Temperatures under a cloudless sky rose to the 90s and an errant breeze from the Northwest kicked up fine tan grit that turned the canyon rim into a latter-day dust bowl. After an hour of dusting, everyone looked prematurely gray and spoke with an audible rasping of the molars. A beer crisis quickly developed.
Like so many great American inventions—the cotton gin, the Kentucky rifle, the atomic bomb—this orchestration of just plain folks was practical and pretty to look at. At one point a naked young lady mounted the shoulders of her gallant escort and paraded through the crowd for the delectation of the multitude. Another nubile nude was hurled over the fence into the press compound. Finally, after Evel's personal Lear jet wigwagged its way down the canyon announcing the great man's imminent arrival, those outside the press and television compounds began a zesty assault on the fragile fences that kept them from the canyon rim. Fortunately the management had hired 150 sturdy motorcycle-gang types to beef up security. Bare-chested toughs with bike chains for belts stood shoulder to shoulder with shotgun-armed security guards, holding back the barbarians at the gates. "Odd, ain't it," said one guard to a tattooed biker, "they look just like you guys."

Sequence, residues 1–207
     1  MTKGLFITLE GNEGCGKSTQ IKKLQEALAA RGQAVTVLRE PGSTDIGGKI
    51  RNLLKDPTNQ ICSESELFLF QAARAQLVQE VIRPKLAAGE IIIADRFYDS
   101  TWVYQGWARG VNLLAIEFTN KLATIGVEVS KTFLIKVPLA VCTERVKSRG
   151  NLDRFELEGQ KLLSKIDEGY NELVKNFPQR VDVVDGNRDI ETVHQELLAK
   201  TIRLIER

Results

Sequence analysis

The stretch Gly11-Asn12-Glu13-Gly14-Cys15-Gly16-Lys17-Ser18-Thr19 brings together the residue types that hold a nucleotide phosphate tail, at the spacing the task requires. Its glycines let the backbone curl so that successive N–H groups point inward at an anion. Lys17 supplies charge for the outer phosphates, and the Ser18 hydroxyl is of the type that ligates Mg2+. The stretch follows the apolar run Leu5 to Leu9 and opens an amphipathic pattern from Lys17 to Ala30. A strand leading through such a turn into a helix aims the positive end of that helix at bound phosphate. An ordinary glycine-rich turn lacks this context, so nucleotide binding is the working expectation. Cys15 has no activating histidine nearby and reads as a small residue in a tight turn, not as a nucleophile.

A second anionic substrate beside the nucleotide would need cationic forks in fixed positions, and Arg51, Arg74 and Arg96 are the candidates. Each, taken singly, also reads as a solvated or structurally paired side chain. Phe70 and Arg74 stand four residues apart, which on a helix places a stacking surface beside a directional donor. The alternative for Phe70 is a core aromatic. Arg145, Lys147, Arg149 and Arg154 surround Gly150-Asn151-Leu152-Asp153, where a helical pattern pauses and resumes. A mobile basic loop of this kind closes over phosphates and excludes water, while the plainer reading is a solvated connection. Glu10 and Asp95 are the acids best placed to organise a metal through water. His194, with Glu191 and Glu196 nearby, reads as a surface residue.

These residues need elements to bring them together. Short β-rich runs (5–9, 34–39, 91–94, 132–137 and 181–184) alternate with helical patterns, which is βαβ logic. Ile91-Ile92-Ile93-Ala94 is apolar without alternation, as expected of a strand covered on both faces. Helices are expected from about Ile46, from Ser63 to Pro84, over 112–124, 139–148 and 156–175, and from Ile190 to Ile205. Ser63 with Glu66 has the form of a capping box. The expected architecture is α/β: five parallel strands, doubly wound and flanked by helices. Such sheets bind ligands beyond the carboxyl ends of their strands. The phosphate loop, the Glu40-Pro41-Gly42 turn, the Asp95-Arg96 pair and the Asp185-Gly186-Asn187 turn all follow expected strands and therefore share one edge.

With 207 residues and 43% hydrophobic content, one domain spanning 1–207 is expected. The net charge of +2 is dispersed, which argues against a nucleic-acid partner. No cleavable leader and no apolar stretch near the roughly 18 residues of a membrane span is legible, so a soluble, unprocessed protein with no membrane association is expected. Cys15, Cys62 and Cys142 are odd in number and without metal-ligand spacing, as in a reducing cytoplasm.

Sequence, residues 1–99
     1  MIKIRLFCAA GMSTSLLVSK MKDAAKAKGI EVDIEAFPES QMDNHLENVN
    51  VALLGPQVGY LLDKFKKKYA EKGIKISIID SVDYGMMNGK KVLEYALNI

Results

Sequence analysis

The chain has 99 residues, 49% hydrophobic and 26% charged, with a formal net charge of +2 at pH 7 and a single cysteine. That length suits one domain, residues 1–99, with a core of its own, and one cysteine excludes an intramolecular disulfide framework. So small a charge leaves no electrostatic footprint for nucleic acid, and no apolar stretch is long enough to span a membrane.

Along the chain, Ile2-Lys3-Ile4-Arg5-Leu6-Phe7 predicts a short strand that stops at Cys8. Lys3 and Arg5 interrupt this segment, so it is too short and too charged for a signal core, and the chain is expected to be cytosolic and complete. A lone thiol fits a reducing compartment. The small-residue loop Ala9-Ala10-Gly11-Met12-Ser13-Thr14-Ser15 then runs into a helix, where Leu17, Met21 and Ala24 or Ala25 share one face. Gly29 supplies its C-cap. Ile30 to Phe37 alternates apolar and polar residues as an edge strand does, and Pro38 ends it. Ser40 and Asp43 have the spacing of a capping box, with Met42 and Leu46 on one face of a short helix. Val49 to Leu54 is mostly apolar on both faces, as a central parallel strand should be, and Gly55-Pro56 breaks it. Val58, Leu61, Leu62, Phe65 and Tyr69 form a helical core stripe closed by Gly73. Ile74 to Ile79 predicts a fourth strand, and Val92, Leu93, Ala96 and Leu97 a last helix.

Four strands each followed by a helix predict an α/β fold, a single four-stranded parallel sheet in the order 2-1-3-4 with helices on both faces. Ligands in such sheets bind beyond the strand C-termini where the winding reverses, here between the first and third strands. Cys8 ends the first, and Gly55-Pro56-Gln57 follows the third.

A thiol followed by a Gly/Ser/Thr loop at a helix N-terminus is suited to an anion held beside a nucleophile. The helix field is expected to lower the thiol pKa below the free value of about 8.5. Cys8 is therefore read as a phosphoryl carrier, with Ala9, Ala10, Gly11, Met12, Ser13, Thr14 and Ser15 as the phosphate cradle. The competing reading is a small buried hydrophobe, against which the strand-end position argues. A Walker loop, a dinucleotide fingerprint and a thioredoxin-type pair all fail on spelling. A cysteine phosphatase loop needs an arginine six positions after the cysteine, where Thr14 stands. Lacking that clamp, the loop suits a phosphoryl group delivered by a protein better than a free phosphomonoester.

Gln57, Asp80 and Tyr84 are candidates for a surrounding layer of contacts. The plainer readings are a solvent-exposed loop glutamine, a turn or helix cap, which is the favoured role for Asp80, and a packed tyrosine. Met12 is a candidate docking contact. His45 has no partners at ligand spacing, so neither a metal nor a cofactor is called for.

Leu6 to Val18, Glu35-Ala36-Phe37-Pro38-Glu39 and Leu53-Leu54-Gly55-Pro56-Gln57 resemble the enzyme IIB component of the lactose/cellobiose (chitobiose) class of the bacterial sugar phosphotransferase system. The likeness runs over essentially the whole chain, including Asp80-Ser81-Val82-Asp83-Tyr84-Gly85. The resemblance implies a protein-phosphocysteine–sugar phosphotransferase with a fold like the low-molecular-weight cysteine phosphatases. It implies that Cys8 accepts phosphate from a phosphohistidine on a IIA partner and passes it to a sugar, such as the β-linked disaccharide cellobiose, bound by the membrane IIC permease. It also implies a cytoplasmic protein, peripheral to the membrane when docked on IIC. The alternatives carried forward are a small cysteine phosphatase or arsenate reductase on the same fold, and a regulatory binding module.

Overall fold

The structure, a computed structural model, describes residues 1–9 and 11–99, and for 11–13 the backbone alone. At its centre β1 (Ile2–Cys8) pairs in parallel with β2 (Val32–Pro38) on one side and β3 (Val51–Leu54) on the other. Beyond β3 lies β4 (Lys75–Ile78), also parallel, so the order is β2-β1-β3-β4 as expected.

When Evel finally emerged, resplendent in his red-white-and-blue jump suit, the crowd calmed, caught up in the harrowing realization of the moment. His voice, echoing through a hundred loudspeakers, was as incoherent as the event itself. All one knew was that it was...well, momentous. To solve the clumsy problem of mounting the Sky-Cycle without detracting from his dignity, Evel had invented the Evel Knievel Freedom Crane, a star-spangled hoist with a seat suspended from its cable. He climbed into it, then swung lazily, gracefully over the heads of the throng. He stuck out his right arm—thumbs up! A thousand thumbs answered him, and many more dust-choked voices.